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Digital Services Act

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The Digital Services Act (DSA) is a proposed legislative package from the European Union, aimed at updating the legal framework for managing illegal content online and harmonizing national laws across EU member states. The DSA’s primary focus is on ensuring transparency in advertising[2], curbing disinformation[1], and addressing the issue of illegal content. It outlines requirements for online platforms to be transparent, introduces measures to combat illegal content, and emphasizes enhanced user protection. The DSA also holds online intermediaries accountable for their actions and encourages cooperation between these entities and authorities. The goal of the DSA is to mitigate the control of digital gatekeepers, such as Google[3] and Meta, and create a more regulated digital environment. The Act also advocates for intra-EU data sharing, further promoting a single market for data within Europe. The DSA is considered a significant move in the regulation of Big Tech companies, and its implementation may influence international digital regulations.

Terms definitions
1. disinformation. Disinformation is a complex concept with roots tracing back to the Proto-Indo-European language family. It refers to the intentional spreading of false or misleading information, often for political or social influence. This phenomenon became widespread in the 1980s and has been a subject of extensive research to understand its origins, methods, and impacts. Disinformation is often used in deception campaigns on social media and is distinct from misinformation and malinformation. It's common in political arenas, where it can confuse citizens and discourage their engagement. Disinformation has global implications, being used by governments, NGOs, and businesses worldwide. It can undermine election security and create societal divisions. Various countermeasures have been initiated by organizations like NATO and the EU to address this issue. The study of disinformation also extends to ethical considerations and its role in warfare. Despite these efforts, disinformation remains a challenging issue due to its widespread prevalence and the difficulty in assessing its true impact.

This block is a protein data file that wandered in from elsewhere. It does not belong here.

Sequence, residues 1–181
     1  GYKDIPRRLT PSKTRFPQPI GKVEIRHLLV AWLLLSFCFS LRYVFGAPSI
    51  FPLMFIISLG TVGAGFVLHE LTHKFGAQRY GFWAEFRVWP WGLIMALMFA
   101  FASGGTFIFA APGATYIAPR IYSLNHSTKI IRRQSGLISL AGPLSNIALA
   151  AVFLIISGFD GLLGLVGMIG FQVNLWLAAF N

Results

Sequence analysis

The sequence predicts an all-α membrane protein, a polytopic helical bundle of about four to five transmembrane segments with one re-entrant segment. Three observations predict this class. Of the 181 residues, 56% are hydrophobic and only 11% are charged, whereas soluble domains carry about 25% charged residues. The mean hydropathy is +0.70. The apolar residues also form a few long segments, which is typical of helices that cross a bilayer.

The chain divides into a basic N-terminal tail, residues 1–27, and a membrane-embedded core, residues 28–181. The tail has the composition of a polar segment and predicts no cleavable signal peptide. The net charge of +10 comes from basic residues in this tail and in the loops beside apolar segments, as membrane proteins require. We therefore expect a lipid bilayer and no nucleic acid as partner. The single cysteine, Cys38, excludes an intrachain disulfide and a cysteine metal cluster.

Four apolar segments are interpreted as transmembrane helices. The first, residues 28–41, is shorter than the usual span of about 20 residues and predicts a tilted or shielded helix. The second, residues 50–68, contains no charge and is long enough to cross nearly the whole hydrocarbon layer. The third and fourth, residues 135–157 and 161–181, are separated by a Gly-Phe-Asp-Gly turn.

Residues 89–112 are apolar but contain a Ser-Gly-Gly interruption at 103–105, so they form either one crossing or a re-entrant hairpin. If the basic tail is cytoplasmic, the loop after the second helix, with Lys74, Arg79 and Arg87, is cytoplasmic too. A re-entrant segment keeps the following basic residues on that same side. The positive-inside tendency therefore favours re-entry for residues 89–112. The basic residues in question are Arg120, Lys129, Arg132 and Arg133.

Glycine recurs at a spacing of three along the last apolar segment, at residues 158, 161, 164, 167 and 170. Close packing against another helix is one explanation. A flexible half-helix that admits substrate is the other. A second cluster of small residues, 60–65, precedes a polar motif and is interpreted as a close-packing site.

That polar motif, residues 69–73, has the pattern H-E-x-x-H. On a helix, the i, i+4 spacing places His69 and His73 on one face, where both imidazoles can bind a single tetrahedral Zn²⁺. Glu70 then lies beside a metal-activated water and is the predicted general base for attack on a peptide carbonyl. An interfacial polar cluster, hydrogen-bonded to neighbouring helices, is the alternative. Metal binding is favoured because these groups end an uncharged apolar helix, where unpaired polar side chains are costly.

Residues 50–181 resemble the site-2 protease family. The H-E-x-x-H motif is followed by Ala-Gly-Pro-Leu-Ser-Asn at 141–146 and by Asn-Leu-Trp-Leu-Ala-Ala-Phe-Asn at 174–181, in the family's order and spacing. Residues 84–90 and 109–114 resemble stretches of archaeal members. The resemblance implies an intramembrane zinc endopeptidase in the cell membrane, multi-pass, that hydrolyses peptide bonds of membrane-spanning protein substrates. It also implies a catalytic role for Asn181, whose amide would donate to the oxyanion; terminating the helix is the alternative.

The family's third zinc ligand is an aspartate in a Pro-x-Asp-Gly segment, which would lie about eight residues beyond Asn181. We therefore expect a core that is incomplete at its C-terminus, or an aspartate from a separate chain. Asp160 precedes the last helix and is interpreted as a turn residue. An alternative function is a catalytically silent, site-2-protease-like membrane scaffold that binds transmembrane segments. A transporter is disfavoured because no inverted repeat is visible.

2. advertising. Advertising is a form of communication used to inform or persuade an audience, often with the goal of selling a product or service. Its history dates back to ancient civilizations, where Egyptians used papyrus for sales messages, and wall paintings were used in ancient Asia, Africa, and South America for promotional purposes. The medium evolved over time, from print in newspapers to audio-visual and digital mediums, with the rise of mass media and technological advancements. Advertising strategies can vary, aiming to raise awareness or drive sales, and can target different audiences on a local, national, or global scale. Various methods include print, radio, web banners, and television ads, among others. New trends have emerged in the advertising business models, like guerrilla marketing and interactive ads. The role of women in advertising has also been notable, with their insights being valued due to their purchasing power.

The Digital Services Act Regulation 2022 (EU) 2022/2065 ("DSA") is a regulation at EU law to update the Electronic Commerce Directive 2000 regarding illegal content, transparent advertising, and disinformation. It was submitted along with the Digital Markets Act (DMA) by the European Commission to the European Parliament and the Council on 15 December 2020. The DSA was prepared by the Executive Vice President of the European Commission for A Europe Fit for the Digital Age Margrethe Vestager and by the European Commissioner for Internal Market Thierry Breton, as members of the Von der Leyen Commission.

Regulation (EU) 2022/2065
European Union regulation
Text with EEA relevance
TitleRegulation on a Single Market For Digital Services
Made byEuropean Parliament and Council of the European Union
Journal referenceOJ L 277, 27.10.2022, p. 1–102
History
Date made19 October 2022
Preparative texts
Commission proposalCOM/2020/825 final
Current legislation

On 22 April 2022, European policymakers reached an agreement on the Digital Services Act. The European Parliament approved the DSA along with the Digital Markets Act on 5 July 2022. On 4 October 2022, the European Council gave its final approval to the Regulation on a Digital Services Act. It was published in the Official Journal of the European Union on 19 October 2022. Affected service providers had until 1 January 2024 to comply with its provisions. Popular online platforms and search engines need to comply with their obligations four months after they have been designated as such by the EU Commission.

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